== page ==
The basset horn is an alto type of clarinet with a long body and a lower, softer and warmer tone.
This is a transposing instrument – the real pitch of the sound of such instruments does not coincide with that indicated in the notes, differing by a certain interval down or up.
The basset horn is a mouthpiece that passes through a curved tube into a body that ends in a curved bell. Its range is lower than that of the clarinet, reaching down to a note up to a small octave. This is achieved by the presence of additional valves that are controlled by the little fingers or thumbs of the right hand, depending on the country of manufacture.
Basset horns of the 18th century had curves and a special chamber in which the air changed direction several times and then fell into an expanding metal bell.
One of the very first copies of this wind instrument, which is mentioned in the sources of the second half of the 18th century, is the work of masters Michael and Anton Meirhofer. The basset horn was liked by the musicians, who began to organize small ensembles and perform opera arias popular at that time, arranged specifically for the new invention. Freemasons also paid attention to the “relative” of the clarinet: they used it during their masses. With its low deep timbre, the instrument resembled an organ, but was much simpler and more convenient to use.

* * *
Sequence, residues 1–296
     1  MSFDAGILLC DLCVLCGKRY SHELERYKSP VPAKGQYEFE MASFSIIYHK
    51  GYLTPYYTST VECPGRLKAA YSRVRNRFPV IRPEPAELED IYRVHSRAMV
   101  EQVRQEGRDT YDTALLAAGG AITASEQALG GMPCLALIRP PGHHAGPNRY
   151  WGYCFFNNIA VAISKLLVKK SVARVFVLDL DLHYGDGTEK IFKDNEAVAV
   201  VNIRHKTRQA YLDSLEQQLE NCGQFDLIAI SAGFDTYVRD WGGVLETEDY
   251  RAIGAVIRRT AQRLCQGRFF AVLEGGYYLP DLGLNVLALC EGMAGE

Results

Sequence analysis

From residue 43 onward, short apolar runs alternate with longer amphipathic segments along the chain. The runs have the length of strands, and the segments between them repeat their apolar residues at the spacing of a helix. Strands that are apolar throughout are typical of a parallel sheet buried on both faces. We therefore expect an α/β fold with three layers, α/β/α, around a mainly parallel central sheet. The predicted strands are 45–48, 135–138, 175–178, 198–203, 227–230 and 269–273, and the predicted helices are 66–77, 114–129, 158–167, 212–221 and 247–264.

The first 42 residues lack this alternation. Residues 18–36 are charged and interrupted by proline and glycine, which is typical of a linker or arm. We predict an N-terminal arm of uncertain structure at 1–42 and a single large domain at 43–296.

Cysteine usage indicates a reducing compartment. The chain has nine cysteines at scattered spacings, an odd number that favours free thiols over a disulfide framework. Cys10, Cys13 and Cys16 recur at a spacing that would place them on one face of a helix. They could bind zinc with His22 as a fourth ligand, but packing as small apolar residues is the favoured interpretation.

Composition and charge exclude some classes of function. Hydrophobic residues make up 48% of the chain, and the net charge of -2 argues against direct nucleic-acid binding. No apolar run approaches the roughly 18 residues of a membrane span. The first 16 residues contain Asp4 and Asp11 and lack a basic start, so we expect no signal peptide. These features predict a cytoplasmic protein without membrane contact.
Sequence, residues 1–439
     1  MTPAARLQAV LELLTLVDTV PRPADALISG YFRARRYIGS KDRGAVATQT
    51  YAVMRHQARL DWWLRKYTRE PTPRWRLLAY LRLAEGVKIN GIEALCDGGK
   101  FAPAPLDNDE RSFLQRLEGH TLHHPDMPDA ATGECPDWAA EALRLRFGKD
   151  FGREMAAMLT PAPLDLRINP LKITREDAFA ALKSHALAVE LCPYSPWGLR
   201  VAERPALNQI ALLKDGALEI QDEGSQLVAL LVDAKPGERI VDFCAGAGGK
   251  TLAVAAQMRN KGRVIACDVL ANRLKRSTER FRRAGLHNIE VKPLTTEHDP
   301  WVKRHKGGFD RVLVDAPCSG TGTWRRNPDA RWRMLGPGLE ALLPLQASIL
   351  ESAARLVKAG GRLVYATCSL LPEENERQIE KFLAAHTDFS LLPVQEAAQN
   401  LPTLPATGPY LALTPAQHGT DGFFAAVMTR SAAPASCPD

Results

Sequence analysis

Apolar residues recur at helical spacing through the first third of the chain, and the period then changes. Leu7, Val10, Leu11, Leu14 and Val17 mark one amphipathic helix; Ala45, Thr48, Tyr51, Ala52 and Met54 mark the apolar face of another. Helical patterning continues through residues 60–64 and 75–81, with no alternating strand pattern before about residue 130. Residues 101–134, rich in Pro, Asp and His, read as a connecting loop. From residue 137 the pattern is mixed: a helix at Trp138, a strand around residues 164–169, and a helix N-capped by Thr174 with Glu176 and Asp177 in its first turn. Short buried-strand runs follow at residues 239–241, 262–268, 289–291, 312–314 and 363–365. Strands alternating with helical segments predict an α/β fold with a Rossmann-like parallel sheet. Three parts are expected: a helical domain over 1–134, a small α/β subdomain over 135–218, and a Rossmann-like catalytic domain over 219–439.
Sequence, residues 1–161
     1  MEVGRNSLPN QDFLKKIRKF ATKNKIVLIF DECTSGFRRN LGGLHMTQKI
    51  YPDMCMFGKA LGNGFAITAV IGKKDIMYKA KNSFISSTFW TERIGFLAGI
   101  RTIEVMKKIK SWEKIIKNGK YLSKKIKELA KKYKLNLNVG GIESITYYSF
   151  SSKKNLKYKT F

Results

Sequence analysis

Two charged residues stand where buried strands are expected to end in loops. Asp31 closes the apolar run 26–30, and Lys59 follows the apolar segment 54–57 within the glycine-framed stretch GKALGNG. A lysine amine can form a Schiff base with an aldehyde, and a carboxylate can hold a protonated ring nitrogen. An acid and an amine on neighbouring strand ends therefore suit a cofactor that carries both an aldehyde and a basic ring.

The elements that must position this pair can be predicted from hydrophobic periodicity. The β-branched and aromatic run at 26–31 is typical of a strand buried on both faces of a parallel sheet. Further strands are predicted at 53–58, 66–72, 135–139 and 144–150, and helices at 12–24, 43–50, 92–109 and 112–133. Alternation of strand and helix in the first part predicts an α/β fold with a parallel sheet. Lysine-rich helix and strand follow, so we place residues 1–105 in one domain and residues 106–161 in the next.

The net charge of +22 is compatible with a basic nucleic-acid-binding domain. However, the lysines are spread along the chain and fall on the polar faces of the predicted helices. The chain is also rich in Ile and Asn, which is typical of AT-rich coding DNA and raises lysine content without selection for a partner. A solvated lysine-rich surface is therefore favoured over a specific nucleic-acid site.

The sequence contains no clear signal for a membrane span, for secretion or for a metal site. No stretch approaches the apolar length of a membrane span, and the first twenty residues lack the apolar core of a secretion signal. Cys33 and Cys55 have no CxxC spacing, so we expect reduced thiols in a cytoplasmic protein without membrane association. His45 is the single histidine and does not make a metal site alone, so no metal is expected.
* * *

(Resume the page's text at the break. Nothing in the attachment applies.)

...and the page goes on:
A. Stadler, A. Rolla, I. Bakofen, and other composers wrote for the basset horn. Mozart used it in several works – “The Magic Flute”, “The Marriage of Figaro”, the famous “Requiem” and others, but not all were completed. Bernard Shaw called the instrument “indispensable for funerals” and believed that if it were not for Mozart, everyone would have forgotten about the existence of the “alto clarinet”, the writer considered its sound so boring and uninteresting.
The basset horn became widespread in the late 18th and early 19th centuries, but later it was no longer used. The instrument found a place in the works of Beethoven, Mendelssohn, Danzi, but practically disappeared over the next few decades. In the 20th century, the popularity of the basset horn began to slowly return. Richard Strauss gave him roles in his operas Elektra and Der Rosenkavalier, and today he is included in clarinet ensembles and orchestras.